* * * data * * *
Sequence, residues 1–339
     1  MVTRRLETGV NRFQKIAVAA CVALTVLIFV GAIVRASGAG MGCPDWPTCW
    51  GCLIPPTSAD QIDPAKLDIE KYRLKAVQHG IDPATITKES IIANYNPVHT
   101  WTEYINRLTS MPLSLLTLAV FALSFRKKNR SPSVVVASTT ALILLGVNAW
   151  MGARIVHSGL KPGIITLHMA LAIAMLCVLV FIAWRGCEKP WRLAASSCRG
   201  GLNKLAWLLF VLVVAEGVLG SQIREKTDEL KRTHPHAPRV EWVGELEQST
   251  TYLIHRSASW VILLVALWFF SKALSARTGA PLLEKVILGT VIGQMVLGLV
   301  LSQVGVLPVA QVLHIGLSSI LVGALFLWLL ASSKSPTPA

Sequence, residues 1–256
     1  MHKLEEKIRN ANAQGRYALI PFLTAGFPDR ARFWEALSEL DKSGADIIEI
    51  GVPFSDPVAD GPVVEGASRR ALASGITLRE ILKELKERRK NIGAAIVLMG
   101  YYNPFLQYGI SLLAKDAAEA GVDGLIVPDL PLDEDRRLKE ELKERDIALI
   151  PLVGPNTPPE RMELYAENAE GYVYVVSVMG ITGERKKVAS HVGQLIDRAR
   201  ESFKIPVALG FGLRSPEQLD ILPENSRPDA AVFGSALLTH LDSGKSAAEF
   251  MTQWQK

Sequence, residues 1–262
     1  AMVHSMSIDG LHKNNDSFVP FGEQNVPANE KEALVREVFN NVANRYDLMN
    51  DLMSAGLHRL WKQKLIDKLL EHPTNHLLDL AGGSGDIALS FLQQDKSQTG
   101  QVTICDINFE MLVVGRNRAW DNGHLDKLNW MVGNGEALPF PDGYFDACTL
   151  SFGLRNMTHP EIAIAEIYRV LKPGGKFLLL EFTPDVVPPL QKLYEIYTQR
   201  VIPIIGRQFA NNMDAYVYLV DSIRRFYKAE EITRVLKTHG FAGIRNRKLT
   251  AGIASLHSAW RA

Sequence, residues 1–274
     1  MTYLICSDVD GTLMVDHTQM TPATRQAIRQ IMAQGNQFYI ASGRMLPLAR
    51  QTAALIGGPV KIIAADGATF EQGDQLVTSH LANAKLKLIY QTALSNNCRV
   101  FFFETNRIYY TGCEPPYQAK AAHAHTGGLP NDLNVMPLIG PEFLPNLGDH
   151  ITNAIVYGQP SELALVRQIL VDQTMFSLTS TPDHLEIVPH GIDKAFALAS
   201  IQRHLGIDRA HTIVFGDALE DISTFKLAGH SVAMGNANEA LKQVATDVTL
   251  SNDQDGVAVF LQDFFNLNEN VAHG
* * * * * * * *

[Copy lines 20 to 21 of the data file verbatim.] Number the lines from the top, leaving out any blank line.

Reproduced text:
   151  SFGLRNMTHP EIAIAEIYRV LKPGGKFLLL EFTPDVVPPL QKLYEIYTQR
   201  VIPIIGRQFA NNMDAYVYLV DSIRRFYKAE EITRVLKTHG FAGIRNRKLT